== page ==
MIDDLEBURY — The early season struggles continued on Tuesday for the Middlebury College men’s lacrosse team with a 14-7 loss to visiting St. Lawrence that dropped the Panthers to 1-4.
A combination of youth — only four starters return from the Panthers 2013 13-3 team — and a tough early season schedule — the 3-1 Saints were the third top-20 NCAA Division III team Middlebury has faced — has contributed to the slow start.
Coach Dave Campbell is confident his Panthers, who are 0-3 in NESCAC, will improve. At the same time, their next two league games are at 5-1 Bowdoin on Saturday and at home against 4-1 Amherst on March 29.
“We’ll keep getting better. Unfortunately, our schedule doesn’t lighten up at all,” Campbell said after Tuesday’s setback. “We’re going to have to get better in a hurry, and that’s what we’ll get back to doing.”
Early on, the Saints had an edge, thanks largely to their dominance in faceoffs. In the first half, they won 10 of 13.
Still, the Panthers hung tough until midway through the second period. Jon Broome and Stephen Seymour, from Broome with the Panthers a man up, scored for Middlebury in the first, which ended with SLU ahead, 4-2, thanks in part to a pair of man-up goals and two scores by Tommy Hovey.
Middlebury’s Jack Rautiola picked the upper right corner from the left side, with an assist from Taylor Pirie, to cut the lead to 4-3 early in the second, again with a man advantage.
One of Saint Conor Healy’s four goals quickly made it 5-3, and Luke DiLisio’s long shot deflected past Panther goalie Nate Gaudio (15 saves) at 11:11 to make it 6-3. Rautilio answered after taking a Jack Cleary feed at 10:28, but another Middlebury penalty led to another SLU man-up goal 10:04 and a 7-4 lead.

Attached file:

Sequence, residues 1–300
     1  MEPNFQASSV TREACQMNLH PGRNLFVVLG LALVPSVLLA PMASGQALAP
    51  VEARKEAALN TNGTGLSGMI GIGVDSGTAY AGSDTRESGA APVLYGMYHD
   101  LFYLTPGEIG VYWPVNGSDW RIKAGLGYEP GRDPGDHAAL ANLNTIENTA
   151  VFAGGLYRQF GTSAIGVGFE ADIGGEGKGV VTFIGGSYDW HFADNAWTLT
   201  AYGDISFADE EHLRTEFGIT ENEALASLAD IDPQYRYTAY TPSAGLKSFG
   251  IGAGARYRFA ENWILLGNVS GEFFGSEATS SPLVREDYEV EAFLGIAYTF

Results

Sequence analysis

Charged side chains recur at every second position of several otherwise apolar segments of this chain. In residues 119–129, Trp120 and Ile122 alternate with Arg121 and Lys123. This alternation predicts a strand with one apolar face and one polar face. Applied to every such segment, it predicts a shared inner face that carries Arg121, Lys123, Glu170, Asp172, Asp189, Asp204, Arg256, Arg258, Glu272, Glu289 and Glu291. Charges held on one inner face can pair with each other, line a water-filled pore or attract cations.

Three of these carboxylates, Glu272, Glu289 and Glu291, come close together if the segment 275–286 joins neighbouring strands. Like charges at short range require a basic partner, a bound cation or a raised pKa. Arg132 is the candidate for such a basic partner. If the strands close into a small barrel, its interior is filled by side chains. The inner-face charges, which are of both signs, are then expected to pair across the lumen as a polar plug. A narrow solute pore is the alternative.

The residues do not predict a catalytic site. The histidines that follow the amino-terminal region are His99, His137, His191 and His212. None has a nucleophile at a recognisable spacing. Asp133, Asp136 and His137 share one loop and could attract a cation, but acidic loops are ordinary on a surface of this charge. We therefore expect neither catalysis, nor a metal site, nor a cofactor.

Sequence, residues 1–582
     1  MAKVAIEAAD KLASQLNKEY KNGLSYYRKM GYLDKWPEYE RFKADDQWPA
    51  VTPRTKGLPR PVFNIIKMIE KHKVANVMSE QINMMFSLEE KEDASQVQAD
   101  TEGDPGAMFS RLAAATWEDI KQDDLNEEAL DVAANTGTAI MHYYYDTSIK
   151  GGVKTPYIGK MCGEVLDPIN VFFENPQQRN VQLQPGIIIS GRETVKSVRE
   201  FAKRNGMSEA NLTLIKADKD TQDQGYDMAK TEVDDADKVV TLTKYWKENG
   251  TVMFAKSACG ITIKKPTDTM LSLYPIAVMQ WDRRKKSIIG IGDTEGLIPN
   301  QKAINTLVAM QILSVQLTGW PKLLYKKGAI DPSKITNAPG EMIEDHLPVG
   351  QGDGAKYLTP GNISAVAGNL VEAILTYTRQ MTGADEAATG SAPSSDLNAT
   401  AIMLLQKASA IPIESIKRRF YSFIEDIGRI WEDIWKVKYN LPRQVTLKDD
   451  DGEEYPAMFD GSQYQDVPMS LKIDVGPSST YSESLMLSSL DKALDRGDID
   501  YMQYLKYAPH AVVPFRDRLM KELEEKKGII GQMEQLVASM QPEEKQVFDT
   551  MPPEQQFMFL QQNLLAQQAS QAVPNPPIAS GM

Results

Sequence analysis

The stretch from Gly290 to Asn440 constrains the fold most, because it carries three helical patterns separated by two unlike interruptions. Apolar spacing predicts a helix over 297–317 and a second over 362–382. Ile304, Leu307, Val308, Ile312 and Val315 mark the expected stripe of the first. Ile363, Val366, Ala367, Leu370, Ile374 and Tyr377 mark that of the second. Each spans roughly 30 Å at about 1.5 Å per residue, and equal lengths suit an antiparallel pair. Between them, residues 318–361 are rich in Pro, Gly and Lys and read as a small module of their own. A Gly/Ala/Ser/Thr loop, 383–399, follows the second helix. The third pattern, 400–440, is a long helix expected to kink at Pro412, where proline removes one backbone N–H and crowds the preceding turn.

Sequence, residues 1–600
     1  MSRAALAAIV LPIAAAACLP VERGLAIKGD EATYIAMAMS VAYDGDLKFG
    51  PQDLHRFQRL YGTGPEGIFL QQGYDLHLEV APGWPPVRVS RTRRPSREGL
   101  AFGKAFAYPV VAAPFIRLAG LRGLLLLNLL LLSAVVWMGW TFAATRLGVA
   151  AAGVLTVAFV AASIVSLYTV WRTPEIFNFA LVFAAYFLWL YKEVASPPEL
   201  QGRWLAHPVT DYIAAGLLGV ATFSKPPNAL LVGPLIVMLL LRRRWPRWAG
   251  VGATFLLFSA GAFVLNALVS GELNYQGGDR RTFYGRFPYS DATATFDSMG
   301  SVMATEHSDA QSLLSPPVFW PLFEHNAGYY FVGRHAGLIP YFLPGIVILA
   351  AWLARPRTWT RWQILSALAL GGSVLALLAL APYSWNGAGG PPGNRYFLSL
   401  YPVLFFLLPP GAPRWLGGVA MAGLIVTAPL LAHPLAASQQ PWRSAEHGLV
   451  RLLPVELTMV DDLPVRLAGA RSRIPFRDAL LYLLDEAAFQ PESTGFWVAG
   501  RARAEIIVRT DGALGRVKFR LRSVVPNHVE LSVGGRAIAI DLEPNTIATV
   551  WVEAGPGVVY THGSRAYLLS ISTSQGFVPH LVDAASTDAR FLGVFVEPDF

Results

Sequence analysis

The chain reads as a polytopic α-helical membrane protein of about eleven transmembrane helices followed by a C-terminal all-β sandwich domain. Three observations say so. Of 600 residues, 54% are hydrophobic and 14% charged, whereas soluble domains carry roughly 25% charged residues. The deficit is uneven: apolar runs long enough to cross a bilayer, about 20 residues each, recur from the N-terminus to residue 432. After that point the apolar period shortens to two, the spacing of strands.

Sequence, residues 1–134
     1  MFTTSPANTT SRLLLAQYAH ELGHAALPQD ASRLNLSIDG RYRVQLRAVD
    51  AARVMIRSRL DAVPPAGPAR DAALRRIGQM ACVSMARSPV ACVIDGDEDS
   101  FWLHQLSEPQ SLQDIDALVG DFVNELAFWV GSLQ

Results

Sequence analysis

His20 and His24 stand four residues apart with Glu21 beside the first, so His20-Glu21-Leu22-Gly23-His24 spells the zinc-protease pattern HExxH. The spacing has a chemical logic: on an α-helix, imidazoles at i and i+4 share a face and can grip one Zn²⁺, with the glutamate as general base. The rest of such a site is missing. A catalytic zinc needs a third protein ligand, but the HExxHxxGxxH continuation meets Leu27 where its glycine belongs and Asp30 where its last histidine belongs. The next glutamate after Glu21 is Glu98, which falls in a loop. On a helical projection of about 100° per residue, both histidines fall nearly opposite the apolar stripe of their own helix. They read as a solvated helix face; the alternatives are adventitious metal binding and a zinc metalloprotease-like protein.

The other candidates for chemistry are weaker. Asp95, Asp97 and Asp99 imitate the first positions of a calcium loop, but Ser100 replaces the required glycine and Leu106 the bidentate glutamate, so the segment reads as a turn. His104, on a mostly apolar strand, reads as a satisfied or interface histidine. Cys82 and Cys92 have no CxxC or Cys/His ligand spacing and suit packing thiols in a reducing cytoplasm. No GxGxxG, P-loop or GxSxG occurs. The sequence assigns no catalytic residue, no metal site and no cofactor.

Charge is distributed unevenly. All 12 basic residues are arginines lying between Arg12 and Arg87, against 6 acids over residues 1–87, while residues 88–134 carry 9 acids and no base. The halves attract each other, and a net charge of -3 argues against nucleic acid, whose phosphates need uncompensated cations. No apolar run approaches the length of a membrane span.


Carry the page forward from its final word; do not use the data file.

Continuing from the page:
At 6:16 of the second, Cleary rifled a shot home while being fouled, and the Panthers had a golden chance to make it a one-goal game. Instead, the Saints again won the faceoff and possessed the ball for all but nine seconds of the one-minute infraction.
Three minutes later, the Panthers took two penalties on the same play, and the Saints cashed in with another man-up goal. They added another with 1:09 to go, and only a Gaudio save at the halftime horn kept the score at 9-5.
Campbell said the Panthers have been prone to mistakes at key junctures so far this season, as was the case in Tuesday’s second quarter.
“We can’t get out of our own way. We’ll make a play, and the next thing we’re in the box. We make a play, and the next thing you know we turn it over or lose a faceoff,” Campbell said. “That’s the way it’s going right now.”
The all-new Panther defense of junior Cal Williams, sophomore Harrison Goodkind and senior Darric White — who started at defensive midfield in 2013 — played better in the second half, and Gaudio, another veteran, also made 11 of his saves after the break.
But the Saints slowly pulled away. The Panthers couldn’t score in the third period, and in the fourth managed only goals by Chris Peterson, on a nice lefty shot from the slot, and Pirie, on a strong solo move from the right side.
DiLisio and Jeremy Vautour finished with two goals apiece for the Saints, and Vautour added a pair of assists. Saints goalie Nick Ford stopped eight shots, and freshman and Weybridge resident Steel White looked comfortable coming off the bench on defense.
The Saints finished with edges of 36-23 in ground balls and 23-6 in faceoffs, critical stats on Tuesday and problem areas for the Panthers this season, Campbell said.
“We need to be better in every area of the game,” Campbell said. “It starts with ground balls.”
On Saturday, the Panthers dropped to 0-3 in NESCAC play with an 11-5 loss at No. 10 Wesleyan. The Cardinals built a 10-1 lead before Middlebury finished strong. Panther Mike Ford scored the game’s opening goal, with a feed from Pirie, but then Wesleyan tallied 10 straight.
For Middlebury, Rautiola scored twice in the final 10:49, when Broome and Ford also scored. Jack DeFrino won nine of 12 faceoffs for Middlebury, while Gaudio made 19 saves, seven more than four Cardinal goalies combined. The Cardinals outshot the Panthers, 48-29.
Campbell said his young team has to keep working to learn to play together and to “handle adversity” during games with more poise.
“It’s a matter of having confidence in what we do and understanding what we’re trying to do out there,” Campbell said. “And doing it at game speed and being able to handle the ebbs and flows of a game.”
Andy Kirkaldy may be reached at email@example.com.